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Personal Chef

Opinions expressed by Entrepreneur contributors are their own.

Startup Costs: Under $2,000
Home Based: Can be operated from home.
Part Time: Can be operated part-time.
Franchises Available? No
Online Operation? No

THE BRIEF: 

Take your pots and pans, cooking skills and love of food and hit the road as a personal chef for hire. Prepare gourmet meals for busy professionals, people hosting house parties, small special occasions such as birthdays or anniversaries and for corporate luncheons; basically, anywhere there is a kitchen you can use for your chef service. Personal chefs are becoming a popular alternative for people that don't have the budget for a full-scale catered event or for people that hosting small events that don't require complete catering services. The advantages for starting this type of unique service are apparent: low overhead, low startup costs and part-time operating hours. This is the type of business that can easily be supported by word-of-mouth referrals and repeat business once established, leading to a full-time, profitable business venture. 

ASK THE PROS:

How much money can you make?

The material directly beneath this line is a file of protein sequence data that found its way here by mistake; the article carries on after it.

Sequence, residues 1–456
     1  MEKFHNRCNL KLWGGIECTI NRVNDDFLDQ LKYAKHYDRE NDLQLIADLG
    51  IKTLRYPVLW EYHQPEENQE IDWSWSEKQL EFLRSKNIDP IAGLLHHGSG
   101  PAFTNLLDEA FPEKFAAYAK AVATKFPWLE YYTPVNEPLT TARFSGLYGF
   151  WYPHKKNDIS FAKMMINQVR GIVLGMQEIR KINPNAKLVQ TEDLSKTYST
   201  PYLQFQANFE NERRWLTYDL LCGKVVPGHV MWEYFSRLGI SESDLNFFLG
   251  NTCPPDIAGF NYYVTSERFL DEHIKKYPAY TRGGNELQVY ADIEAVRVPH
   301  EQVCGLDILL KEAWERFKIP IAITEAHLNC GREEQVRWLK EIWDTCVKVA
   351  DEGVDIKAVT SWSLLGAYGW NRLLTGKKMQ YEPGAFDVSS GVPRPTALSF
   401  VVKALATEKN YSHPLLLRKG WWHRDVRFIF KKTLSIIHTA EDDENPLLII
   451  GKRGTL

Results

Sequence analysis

Typically, chef rates are quoted on each job and vary on factors such as the supply of food and the type of menu requested. However, on average, personal chefs generally earn in the range of $15 to $50 per hour.

"I never recommend charging hourly for your services as an entrepreneur. A flat fee, mine starts at $350 + groceries, is best. When you’re first starting out you may want to do a few jobs at a discounted rate to get experience, testimonials, and referrals."—Jenné Claiborne

What kind of experience do you need to have?

"It depends on your skill level in the kitchen. If you have the money to invest, and if it will give you the confidence you need to start working professionally, [go to culinary school]. It is not necessary to go to culinary school to become a professional chef. Instead of going to culinary school I invested in the year long nutrition course at the Institute for Integrative Nutrition (IIN). I did want some sort of education around food and its effect on the body, and IIN was the perfect program. It gave me the skills I needed to build menus for clients based on their health concerns and goals."—Jenné Claiborne

What’s the most important thing to know about this business?

"The first step is figuring out who your ideal client is. For example, say my ideal client is a wealthy working mother of two on the Upper East Side of Manhattan who is interested in health and fitness for herself and her family. That description gives me a lot of clues about where I could find a person like that. I could arrange cooking demos or samplings at some yoga studios in that neighborhood, I could become a referral partner with a doctor’s office and offer their patients discounts, I could offer discounts to Parent Teacher Associations at schools in the area, or simply leave my cards/flyers at local salons. Finding your first client is the hardest, but once you have them you’ll start getting more -- often through referrals."—Jenné Claiborne

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